However, facets of IG in Africa especially where it applies to security, privacy, surveillance and intermediary liability still require further scrutiny. As seen in the State of Internet Freedoms in East Africa 2014 report, these issues are increasingly impacting upon human rights, freedom of the press, critical opposition and equality, among others, on the continent.
It is also essential that building Africa’s capacity in IG is tailored to also accommodate the unique needs and requirements of its internet users such as the availability of non-Latin script African languages online to contribute towards local content and cultural preservation.
It is, however, worth noting that despite existing challenges, many African governments and civil society actors are making progress in strengthening internet related frameworks that support the fundamentals of a free, open and secure internet. Helping shape the continent’s approach to protecting internet rights are initiatives such as the African Declaration on Internet Rights and Freedoms.
Similarly, the NetRightsNG initiative of Paradigm Initiative Nigeria  is collaborating  other players to champion a Digital Rights and Freedom Bill  in Nigeria. In Uganda, the Ministry of Information and Communications Technology (ICT) in partnership with the Ministry of Justice and Constitutional Affairs (MoJCA) and National Information Technology Authority, Uganda (NITA-U) have developed a Draft Data Protection and Privacy Bill (2014) which is currently going through a process of review and commentary by citizens.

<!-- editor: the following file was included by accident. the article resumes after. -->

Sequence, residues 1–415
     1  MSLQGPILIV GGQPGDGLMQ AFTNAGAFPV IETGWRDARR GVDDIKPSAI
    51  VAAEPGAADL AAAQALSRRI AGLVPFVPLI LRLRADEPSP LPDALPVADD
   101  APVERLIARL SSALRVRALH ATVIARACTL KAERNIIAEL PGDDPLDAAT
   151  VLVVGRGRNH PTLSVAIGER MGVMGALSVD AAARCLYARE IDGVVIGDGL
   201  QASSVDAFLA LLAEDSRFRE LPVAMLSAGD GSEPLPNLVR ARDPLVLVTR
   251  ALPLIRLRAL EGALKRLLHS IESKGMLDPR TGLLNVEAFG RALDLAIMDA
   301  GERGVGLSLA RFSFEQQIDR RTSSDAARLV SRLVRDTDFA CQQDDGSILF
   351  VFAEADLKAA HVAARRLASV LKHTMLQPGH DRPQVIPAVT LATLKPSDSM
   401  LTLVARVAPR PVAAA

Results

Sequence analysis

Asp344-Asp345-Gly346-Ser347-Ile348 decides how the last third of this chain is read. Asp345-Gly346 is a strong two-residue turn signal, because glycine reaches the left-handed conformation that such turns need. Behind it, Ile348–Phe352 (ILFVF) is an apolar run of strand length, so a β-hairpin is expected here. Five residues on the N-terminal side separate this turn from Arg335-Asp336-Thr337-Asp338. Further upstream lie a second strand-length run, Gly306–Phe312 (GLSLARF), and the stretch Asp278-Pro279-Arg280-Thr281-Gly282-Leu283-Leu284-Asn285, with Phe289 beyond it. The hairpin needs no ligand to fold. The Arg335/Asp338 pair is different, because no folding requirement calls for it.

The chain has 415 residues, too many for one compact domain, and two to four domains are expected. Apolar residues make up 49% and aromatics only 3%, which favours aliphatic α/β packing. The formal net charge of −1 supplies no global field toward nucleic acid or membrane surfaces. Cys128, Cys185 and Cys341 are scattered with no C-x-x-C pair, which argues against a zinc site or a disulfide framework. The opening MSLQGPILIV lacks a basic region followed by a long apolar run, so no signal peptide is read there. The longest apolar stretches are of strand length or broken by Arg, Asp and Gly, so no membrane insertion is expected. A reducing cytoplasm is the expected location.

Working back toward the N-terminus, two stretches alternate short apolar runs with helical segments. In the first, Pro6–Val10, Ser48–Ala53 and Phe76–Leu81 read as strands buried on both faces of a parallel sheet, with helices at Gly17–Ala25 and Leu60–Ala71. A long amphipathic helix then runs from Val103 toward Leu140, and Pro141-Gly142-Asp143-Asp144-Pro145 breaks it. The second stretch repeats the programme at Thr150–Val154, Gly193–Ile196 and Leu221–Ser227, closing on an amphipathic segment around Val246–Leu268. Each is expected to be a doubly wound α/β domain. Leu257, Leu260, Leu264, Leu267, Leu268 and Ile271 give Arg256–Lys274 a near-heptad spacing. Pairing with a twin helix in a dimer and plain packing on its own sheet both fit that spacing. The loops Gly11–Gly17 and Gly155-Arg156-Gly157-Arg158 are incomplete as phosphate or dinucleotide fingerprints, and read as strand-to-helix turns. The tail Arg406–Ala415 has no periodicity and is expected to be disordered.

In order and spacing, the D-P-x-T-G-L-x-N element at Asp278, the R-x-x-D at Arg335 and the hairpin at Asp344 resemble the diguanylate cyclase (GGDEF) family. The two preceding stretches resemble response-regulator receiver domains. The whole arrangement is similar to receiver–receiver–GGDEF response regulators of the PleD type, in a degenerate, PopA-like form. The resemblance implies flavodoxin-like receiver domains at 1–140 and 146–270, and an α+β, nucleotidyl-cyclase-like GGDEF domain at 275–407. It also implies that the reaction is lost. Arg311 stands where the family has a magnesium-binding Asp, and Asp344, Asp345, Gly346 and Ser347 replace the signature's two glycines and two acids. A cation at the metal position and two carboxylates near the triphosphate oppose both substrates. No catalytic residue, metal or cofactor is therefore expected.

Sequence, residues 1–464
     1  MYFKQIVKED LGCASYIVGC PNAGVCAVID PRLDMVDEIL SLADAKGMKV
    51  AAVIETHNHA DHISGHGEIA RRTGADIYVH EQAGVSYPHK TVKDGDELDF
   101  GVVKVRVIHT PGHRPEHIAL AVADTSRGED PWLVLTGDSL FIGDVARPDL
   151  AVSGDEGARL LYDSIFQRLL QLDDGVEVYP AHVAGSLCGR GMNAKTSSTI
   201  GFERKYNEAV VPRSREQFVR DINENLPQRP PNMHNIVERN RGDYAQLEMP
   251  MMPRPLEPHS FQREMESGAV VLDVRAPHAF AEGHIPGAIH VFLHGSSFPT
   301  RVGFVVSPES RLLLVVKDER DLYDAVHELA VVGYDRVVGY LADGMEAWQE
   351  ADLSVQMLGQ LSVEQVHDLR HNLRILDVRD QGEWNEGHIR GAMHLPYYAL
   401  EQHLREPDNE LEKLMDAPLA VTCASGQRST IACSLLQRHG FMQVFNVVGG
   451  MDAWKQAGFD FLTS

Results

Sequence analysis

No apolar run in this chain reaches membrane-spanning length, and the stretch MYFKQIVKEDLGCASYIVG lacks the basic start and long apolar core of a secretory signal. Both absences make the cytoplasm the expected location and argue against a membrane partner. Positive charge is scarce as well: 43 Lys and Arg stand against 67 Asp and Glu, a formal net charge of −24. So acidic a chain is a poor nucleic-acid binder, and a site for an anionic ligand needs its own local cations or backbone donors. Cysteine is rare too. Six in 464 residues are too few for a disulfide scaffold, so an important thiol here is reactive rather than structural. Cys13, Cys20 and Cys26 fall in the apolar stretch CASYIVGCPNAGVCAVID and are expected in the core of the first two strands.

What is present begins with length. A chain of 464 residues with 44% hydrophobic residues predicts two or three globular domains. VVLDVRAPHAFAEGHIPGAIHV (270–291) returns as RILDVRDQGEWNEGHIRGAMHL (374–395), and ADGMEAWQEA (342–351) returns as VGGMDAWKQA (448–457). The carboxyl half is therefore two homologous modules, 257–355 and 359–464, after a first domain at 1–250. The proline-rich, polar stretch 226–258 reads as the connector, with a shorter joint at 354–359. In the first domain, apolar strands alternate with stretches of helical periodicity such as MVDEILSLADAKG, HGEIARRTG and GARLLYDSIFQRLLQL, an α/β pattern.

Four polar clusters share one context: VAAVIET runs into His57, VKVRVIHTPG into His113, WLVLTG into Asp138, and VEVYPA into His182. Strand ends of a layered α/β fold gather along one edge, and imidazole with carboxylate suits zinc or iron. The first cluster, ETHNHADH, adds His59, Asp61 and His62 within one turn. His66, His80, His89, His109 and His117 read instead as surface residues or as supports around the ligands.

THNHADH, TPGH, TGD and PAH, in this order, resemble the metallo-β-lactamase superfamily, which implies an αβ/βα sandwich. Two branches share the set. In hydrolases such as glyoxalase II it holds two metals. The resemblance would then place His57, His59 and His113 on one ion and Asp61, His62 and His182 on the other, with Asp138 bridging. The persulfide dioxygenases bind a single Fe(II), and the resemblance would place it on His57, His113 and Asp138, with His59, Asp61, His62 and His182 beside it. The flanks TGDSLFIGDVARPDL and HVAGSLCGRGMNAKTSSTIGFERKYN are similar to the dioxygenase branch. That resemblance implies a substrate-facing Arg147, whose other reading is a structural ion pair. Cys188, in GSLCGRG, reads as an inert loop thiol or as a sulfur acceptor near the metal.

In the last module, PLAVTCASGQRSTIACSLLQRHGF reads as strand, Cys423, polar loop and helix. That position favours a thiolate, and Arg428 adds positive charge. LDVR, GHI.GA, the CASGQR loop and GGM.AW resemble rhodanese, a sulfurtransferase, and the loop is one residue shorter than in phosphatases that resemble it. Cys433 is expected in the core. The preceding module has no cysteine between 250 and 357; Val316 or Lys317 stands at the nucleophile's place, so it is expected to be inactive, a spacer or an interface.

As more African countries map the way forward for the information age, there remains the need to ensure that valuable contributions are made to global Internet Governance as it is this very participation that will define the further adoption of internet governance principles in Africa.

Internet Governance in Uganda

By Juliet Nanfuka |
The Uganda Internet Governance Forum (UIGF) has since 2006 been a platform for deliberation on internet governance concerns in the country. Debates at the annual forum have progressed from prioritising access and infrastructure to global trends in the internet governance agenda such as the need for increased advocacy of online freedoms, protection of vulnerable users – including children and women, intermediary liability, and net neutrality.